My mother was an incredible gardener, filling our yard with gorgeous flowers season after season. And, to this day, my father works wonders in our vegetable garden, growing all of the beautifully delicious vegetables that feed us all summer long. Yet, even with their talents in tending to plants, I have never been one to have a green thumb.
I bought a cactus and another small succulent last summer to have as decoration in my dorm room. However, I over-watered my cactus, rotting it out only a short two weeks after buying it. Then, I almost killed the remaining succulent the exact same way (because I clearly didn’t learn anything from it), until my dad came to the rescue. Here we are a year later, and he has kept my little “succy” alive and well. Though, he did not let me take it back to college with me.
So, inevitably, this summer I got three new plant friends as replacements. Does my dad know? He sure does. Is he going to end up caring for them when I begin to kill them off? Absolutely not! I am determined to not let it happen again.
My summer has been centered around trying to care for myself in every way possible, and getting plants has truly helped me to do so.
Let me explain. For starters…
Plants need a routine.
Of course, these watering routines do not have to be strictly followed, but avoiding them entirely can really make or break the plant’s survival. When it comes to succulents, most need to be watered only once a week or even once a month. By making note of this and staying on track with your plants’ schedules, you can get into the same habit of sticking with your own schedule.
In other words, make your plant-care time synonymous with self-care time.
Watering your plant today? Have that be your reminder to pour yourself a glass of water, so you can drink with your plant!
Plants need attention.
They say that talking to plants on a regular basis helps them to grow.
Now, whether or not this is applicable to every plant, I’m sure not. However, I would say that it is worth a try.
Having a plant to talk to can be quite similar to having a therapy animal– without the extra work.
Because plants need love just as much as you or I do, these little creatures can keep you busy if you want to put in the effort.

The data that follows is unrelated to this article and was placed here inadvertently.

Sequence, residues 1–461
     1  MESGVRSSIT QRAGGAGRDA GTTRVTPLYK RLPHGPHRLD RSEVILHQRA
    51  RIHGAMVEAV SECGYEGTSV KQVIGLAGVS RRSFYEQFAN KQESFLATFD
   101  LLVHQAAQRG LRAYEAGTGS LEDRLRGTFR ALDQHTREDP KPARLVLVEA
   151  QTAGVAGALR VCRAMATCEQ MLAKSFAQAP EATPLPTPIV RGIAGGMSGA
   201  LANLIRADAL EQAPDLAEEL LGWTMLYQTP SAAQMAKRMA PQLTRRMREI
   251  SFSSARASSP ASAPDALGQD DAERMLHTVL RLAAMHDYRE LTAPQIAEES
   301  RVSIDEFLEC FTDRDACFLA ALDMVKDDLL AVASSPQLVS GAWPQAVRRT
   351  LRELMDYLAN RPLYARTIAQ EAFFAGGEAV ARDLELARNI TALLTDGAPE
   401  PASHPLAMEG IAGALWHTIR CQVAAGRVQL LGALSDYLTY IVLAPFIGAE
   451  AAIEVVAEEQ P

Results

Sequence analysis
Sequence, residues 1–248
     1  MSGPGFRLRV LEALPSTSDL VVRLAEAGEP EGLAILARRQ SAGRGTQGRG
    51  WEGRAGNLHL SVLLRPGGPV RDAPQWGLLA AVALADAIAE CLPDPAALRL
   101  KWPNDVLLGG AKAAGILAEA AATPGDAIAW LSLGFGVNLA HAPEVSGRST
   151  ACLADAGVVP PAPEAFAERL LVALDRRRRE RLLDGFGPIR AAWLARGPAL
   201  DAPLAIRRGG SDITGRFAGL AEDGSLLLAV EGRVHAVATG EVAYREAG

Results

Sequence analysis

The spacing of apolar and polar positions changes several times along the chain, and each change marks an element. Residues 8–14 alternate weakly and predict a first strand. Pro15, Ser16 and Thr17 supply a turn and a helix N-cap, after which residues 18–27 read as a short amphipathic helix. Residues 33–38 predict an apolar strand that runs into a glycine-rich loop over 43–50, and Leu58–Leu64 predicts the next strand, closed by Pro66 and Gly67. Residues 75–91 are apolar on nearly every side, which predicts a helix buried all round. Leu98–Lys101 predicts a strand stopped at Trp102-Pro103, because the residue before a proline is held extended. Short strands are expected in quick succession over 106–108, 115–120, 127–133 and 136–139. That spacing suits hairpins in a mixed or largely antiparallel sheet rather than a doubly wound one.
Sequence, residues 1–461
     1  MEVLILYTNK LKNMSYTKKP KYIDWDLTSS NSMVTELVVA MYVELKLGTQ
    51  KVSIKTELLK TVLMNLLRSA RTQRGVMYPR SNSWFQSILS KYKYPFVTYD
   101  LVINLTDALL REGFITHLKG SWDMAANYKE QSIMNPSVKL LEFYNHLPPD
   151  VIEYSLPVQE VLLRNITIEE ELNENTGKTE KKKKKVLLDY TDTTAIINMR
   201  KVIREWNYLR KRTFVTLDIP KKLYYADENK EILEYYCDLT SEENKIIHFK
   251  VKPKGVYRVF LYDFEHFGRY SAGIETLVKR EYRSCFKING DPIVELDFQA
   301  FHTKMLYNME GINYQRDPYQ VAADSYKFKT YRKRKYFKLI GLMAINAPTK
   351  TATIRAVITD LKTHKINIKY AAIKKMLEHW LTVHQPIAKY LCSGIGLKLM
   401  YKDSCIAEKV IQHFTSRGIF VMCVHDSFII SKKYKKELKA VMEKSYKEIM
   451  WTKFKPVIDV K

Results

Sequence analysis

By talking to the plant, moving it around the house for ample sunlight, watering it, and even re-potting it when it grows too big, you are taking care of yourself right alongside the plant.
This is simply because you’re giving yourself the opportunity to take part in a more calming, stress-free activity. This enables you to take your mind off of the other anxieties you may be feeling, at least for a moment, so you can solely focus on you and your plant.
Plants help to brighten up a room.
During the winter months when there is little to no sign of green plant life outside, having a living, breathing succulent in your room can help to pick up the mood.
Seasonal affective disorder is extremely common. Of course, caring for a plant will not cure all things that encompass depression, but it can help– even if it is only in the slightest way.
Certain light therapy treatments can used for seasonal depression, and funnily enough, these lights can help to keep your plants alive too. Box lights and even natural spectrum light bulbs can help regulate your own circadian rhythm, as well as mimic sunlight for your plants.
Even if you are not affected by any of these, having a plant can still create a warmer, brighter atmosphere within your room. And, having just this little bit of decoration can be a complete mood changer on drearier days.
Overall, having a plant will not totally change your mental health status. However, it can still be a small source of happiness for some. Thus, I urge you to go find yourself a plant. It is much less work than caring for an animal, but still can be just as rewarding.